Corruptio optimi pessima said the ancient Latins. (Those who were the best, when corrupted, become the worst).
Life, of course, for most ordinary people, is a combination of logos, pathos and ethos. Some cultures and ideologies have more of one aspect than another, of course, and the balance can also change within one culture over time, sometimes over a surprisingly short period of time.
The general 20th century focus on logos, here in this paper specifically in regard to climatic regulation, causes many illogical and impractical results.
Numerical documentation was the mantra of the late 20th century. A simple “Cui bono?” analysis will reveal that engineers and related researchers have accrued wealth from this approach.
Buildings themselves have neither become more beautiful, healthier, environmentally friendlier, or cheaper as a result of this emphasis on numerical documentation.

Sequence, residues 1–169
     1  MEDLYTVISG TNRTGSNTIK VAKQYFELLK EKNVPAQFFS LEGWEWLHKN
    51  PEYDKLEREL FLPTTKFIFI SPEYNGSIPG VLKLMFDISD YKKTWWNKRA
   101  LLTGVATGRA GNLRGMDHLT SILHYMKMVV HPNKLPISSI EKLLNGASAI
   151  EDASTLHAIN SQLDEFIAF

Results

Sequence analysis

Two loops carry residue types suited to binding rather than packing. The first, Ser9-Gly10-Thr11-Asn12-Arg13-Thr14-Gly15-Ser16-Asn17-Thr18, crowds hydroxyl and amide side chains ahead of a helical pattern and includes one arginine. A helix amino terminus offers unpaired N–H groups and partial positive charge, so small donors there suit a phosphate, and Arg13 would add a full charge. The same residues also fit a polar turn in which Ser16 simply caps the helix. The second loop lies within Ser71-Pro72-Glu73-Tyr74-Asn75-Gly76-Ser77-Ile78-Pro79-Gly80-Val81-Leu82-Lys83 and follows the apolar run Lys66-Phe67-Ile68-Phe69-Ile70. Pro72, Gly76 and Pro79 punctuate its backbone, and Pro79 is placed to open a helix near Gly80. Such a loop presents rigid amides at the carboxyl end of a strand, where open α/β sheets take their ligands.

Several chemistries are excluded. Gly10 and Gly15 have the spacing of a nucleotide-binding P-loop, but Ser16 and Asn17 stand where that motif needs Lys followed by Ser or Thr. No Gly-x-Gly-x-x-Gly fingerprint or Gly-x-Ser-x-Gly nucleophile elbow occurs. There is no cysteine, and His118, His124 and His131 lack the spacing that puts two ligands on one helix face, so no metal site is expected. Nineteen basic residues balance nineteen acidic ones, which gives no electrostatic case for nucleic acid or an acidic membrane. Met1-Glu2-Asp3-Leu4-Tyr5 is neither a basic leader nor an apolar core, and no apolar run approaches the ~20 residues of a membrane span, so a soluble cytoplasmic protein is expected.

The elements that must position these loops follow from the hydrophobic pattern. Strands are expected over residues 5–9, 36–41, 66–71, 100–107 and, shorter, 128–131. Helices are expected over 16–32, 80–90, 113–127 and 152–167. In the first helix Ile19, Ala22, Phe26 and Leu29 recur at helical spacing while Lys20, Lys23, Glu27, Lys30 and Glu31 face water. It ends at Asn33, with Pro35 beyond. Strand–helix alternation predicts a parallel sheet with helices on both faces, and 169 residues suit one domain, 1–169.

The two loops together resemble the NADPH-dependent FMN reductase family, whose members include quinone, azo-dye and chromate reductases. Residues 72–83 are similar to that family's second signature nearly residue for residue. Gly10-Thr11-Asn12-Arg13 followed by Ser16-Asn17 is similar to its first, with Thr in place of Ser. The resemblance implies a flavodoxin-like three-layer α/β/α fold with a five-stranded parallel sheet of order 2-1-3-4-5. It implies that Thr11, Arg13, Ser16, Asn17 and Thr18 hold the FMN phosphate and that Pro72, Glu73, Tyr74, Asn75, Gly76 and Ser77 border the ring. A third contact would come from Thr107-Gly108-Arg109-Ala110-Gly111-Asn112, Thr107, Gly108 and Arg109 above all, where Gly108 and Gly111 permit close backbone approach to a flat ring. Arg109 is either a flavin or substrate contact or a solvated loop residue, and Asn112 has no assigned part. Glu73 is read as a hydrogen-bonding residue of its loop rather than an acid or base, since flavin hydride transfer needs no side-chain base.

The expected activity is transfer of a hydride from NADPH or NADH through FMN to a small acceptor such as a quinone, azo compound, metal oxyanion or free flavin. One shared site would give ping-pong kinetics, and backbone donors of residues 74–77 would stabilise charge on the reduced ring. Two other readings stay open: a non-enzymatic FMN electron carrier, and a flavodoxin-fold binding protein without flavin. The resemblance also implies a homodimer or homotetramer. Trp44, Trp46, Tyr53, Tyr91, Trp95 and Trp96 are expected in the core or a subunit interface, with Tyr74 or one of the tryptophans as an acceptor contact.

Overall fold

Indoor climatic regulation received no attention from the early engineers, and buildings were developed by architects or artisans for people to live or work in.
Engineers such as Brunel did not just work with factory machines, bridges, fortifications, trains, ships: they invented them. Their prime problem was defining material properties and identifying the strains that nature or man would put onto these materials so that The Engineer could define the right strength and size of the material for the purpose. This is the traditional engineering method.